When is a Flaw not a Flaw?

As you know, I have often pointed to the proteins as an incredible design material, raising the question as to just how much the blind watchmaker is dependent and indebted to protein biochemistry.  A recent study highlights yet another way in which protein biochemistry may be an essential prerequisite for the evolution of complex life.

First, you can read the summary of this research by Ariel Fernández and Michael Lynch here.  Then, come back and I will help you detect the teleological echo of this work.

The first thing you need to do is recognize the non-teleological framing of these findings.  You’ll note the title of the news article – Errors in Protein Structure Sparked Evolution of Biological Complexity.  This theme of error is stressed again and again:

The study, published in Nature, suggests that the random introduction of ERRORS into proteins, rather than traditional natural selection, may have boosted the evolution of biological complexity. FLAWS in the “packing” of proteins that make them more unstable in water could have promoted protein interactions and intracellular teamwork, expanding the possibilities of life….. Fernández and Lynch focused on DESIGN FLAWS called “dehydrons,”…..The result suggests that structural ERRORS accumulate in large organisms such as humans due to random genetic drift…..To confirm that the accumulation of structural FLAWS in proteins….. proteins from the smaller populations were more FLAWED…. Despite these ACCIDENTAL benefits, the accumulation of too many structural FLAWS…. The implication that complexity initially arose BY ACCIDENT may be provocative… The discovery that FLAWED proteins….

Yet there is no powerful and objective reason to think we’re dealing with flaws, errors, and accidents from the context of evolution.  Instead, we could just as easily view this as part of the protein’s intrinsic activity – in inbuilt propensity to form multi-protein complexes in the correct context.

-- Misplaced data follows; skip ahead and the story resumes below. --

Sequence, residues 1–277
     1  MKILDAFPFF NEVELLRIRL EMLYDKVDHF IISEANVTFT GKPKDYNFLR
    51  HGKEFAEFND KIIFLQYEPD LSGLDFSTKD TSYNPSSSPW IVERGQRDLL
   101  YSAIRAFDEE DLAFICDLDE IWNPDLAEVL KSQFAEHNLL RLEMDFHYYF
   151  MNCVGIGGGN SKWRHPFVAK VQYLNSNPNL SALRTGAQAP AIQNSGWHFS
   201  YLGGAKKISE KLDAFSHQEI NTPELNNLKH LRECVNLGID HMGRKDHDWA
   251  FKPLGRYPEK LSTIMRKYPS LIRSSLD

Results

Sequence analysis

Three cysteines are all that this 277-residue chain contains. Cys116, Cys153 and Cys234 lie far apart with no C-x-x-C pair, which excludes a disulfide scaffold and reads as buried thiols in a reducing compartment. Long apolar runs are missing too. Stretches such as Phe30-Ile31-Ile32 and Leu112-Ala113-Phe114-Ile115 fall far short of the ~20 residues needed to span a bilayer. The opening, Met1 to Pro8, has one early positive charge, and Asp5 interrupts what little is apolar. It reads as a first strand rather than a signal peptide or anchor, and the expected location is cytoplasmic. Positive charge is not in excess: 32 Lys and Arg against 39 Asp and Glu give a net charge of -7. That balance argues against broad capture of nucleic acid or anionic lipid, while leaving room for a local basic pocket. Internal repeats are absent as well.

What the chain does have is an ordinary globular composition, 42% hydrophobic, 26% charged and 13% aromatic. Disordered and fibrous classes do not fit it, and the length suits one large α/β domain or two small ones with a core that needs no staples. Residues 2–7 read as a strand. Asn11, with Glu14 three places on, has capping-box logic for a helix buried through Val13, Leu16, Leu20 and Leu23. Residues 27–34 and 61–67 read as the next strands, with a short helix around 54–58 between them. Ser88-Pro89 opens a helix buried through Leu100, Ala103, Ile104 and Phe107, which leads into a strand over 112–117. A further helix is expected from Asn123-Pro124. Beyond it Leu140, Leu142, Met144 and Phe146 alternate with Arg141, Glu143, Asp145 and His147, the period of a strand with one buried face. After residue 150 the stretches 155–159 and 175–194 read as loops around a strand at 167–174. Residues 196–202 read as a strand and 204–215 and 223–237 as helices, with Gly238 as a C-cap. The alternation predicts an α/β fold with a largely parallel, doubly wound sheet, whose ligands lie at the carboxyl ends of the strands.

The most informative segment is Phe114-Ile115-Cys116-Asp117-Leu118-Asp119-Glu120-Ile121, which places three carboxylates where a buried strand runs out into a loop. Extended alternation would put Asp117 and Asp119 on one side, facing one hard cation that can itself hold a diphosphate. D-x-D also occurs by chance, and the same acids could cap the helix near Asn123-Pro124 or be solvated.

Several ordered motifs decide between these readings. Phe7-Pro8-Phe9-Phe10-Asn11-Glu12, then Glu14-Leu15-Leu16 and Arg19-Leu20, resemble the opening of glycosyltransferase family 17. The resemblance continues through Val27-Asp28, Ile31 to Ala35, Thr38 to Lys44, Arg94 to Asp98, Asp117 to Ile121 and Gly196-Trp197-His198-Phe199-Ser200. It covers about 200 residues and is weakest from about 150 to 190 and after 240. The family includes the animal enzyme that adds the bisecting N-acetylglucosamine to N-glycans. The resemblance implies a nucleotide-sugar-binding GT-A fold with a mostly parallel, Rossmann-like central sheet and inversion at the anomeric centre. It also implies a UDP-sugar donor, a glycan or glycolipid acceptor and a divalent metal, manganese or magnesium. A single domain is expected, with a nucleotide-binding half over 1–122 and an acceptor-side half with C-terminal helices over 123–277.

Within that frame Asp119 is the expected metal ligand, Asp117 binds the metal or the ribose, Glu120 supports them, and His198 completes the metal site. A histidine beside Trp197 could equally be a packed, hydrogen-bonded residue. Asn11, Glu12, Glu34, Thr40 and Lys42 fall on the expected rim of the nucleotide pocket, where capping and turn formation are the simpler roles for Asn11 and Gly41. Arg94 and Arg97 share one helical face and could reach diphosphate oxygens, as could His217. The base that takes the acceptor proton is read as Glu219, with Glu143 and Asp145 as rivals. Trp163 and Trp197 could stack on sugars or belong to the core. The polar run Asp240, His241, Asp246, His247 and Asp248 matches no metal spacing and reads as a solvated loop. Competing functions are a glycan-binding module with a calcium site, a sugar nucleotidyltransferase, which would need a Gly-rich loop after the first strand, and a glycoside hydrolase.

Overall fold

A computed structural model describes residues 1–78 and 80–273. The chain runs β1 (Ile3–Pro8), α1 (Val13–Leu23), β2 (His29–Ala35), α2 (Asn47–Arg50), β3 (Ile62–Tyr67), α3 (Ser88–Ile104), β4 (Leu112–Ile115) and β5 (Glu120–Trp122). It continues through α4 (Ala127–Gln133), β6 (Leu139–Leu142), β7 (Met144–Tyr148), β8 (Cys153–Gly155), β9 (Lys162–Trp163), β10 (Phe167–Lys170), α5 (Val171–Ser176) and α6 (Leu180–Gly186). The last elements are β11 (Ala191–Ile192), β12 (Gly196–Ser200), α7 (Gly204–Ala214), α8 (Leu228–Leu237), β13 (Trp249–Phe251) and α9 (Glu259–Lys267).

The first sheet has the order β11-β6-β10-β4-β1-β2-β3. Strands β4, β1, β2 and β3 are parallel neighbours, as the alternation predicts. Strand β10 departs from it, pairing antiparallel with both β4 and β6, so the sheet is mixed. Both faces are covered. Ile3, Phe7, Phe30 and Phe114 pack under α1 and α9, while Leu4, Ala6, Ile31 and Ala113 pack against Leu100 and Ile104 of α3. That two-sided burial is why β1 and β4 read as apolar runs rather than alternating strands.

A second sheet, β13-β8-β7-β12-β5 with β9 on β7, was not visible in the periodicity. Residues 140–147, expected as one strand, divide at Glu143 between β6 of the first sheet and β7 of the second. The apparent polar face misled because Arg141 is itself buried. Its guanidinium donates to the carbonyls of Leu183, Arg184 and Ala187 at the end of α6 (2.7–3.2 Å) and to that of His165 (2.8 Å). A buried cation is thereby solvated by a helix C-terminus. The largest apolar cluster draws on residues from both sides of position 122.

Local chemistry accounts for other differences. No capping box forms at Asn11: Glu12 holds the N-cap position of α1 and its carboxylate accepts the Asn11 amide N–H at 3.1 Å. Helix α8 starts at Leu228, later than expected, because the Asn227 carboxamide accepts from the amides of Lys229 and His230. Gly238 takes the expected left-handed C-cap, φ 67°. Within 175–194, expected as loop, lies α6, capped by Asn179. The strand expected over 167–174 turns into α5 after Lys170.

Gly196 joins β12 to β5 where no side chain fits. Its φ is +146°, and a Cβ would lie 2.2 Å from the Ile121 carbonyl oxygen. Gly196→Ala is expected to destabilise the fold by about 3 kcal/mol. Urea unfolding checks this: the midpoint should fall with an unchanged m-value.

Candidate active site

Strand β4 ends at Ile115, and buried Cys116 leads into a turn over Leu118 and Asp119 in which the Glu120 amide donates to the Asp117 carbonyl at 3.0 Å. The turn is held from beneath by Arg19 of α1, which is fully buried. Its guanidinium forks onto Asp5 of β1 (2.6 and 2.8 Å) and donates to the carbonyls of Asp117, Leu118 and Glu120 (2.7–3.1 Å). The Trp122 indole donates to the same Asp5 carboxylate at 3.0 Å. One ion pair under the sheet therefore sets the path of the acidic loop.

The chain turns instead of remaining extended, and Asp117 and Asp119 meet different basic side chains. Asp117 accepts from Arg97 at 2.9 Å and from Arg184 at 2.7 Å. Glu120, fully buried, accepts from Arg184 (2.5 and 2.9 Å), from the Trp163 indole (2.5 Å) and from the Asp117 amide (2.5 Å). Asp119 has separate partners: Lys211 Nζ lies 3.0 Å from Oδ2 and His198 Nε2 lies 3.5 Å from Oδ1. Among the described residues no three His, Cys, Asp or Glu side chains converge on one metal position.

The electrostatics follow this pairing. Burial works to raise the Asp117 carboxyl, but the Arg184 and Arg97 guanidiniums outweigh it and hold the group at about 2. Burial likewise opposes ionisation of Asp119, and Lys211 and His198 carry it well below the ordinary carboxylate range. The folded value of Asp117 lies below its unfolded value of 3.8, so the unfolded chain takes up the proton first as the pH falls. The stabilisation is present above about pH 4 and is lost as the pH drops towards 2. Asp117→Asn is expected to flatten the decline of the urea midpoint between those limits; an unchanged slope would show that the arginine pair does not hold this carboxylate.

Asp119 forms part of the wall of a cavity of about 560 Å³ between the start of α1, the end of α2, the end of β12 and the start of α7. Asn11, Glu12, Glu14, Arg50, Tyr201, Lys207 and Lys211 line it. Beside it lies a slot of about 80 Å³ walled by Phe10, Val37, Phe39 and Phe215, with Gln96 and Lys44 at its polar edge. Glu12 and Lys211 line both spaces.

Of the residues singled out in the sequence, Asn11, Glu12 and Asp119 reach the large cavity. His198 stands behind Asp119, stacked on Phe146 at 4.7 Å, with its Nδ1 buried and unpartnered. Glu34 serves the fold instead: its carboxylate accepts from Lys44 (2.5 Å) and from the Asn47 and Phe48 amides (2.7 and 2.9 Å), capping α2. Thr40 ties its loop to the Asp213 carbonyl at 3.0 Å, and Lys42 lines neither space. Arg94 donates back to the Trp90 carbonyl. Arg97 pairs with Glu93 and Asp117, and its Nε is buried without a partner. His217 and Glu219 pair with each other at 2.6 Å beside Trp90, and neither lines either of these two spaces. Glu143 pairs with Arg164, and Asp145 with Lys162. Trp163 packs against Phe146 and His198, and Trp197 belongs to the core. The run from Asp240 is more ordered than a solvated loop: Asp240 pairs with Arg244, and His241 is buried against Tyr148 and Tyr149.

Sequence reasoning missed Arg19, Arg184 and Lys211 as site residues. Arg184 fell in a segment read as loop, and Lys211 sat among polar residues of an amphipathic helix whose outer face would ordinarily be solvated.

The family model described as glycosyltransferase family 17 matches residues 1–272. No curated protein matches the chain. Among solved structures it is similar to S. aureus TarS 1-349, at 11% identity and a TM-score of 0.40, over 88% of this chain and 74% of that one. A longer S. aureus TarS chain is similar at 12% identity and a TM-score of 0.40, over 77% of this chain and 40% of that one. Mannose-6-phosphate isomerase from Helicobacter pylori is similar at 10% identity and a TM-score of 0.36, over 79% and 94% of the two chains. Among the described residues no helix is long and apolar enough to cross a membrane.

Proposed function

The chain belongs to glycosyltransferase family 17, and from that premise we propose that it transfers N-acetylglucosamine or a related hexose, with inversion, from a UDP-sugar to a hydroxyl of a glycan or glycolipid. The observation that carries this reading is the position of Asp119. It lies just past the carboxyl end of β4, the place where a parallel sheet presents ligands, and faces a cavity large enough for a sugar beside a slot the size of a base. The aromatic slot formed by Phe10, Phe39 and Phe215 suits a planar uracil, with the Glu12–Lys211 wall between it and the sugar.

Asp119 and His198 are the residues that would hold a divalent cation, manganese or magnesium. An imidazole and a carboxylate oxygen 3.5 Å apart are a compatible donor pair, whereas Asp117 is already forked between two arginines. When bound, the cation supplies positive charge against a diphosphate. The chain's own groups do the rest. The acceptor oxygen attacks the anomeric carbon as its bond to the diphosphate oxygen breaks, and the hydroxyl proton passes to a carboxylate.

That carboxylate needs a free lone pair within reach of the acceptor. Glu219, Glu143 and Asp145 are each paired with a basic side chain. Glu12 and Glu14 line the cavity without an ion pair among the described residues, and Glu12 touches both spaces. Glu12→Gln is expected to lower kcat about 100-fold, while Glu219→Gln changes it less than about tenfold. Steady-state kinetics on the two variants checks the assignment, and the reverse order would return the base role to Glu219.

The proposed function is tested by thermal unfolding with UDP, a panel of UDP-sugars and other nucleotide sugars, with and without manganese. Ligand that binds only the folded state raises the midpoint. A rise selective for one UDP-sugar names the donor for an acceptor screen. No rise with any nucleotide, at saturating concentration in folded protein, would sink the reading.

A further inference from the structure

Look at it this way.  In his 2003 paper, Ariel Fernández describes the dehydron as follows:

This work identifies a factor for protein association and supramolecular organization by determining a structurally encoded marker, the dehydron, which signals a packing defect in the monomeric structure.


Thus, a systematic study of known structures of individual proteins, protein complexes, and virus coats leads us to establish that the structural defects related to dehydrons play a significant role in determining protein associations and the organization of supramolecular assemblies.

Okay, the dehydron is a defect when it comes to packing monomeric proteins.  But it is a facilitator when it comes to forming supramolecular assemblies.  So is this really a design flaw?  No.

Recall what Bruce Alberts noted over a decade ago:

We have always underestimated cells. Undoubtedly we still do today. But at least we are no longer as naive as we were when I was a graduate student in the 1960s. Then, most of us viewed cells as containing a giant set of second-order reactions: molecules A and B were thought to diffuse freely, randomly colliding with each other to produce molecule AB—and likewise for the many other molecules that interact with each other inside a cell. This seemed reasonable because, as we had learned from studying physical chemistry, motions at the scale of molecules are incredibly rapid. … But, as it turns out, we can walk and we can talk because the chemistry that makes life possible is much more elaborate and sophisticated than anything we students had ever considered. Proteins make up most of the dry mass of a cell. But instead of a cell dominated by randomly colliding individual protein molecules, we now know that nearly every major process in a cell is carried out by assemblies of 10 or more protein molecules. And, as it carries out its biological functions, each of these protein assemblies interacts with several other large complexes of proteins. Indeed, the entire cell can be viewed as a factory that contains an elaborate network of interlocking assembly lines, each of which is composed of a set of large protein machines.